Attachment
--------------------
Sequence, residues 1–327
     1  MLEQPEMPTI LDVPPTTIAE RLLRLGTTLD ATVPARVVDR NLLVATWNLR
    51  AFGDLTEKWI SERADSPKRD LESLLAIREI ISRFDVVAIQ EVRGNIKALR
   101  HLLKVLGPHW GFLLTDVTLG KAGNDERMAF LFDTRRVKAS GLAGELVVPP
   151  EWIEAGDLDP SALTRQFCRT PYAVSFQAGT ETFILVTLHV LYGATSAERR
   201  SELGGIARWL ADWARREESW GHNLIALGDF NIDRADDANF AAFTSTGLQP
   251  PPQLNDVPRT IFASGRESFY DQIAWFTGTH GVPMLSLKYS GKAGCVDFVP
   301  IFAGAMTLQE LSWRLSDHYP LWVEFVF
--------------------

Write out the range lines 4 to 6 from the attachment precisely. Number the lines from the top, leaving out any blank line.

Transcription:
   101  HLLKVLGPHW GFLLTDVTLG KAGNDERMAF LFDTRRVKAS GLAGELVVPP
   151  EWIEAGDLDP SALTRQFCRT PYAVSFQAGT ETFILVTLHV LYGATSAERR
   201  SELGGIARWL ADWARREESW GHNLIALGDF NIDRADDANF AAFTSTGLQP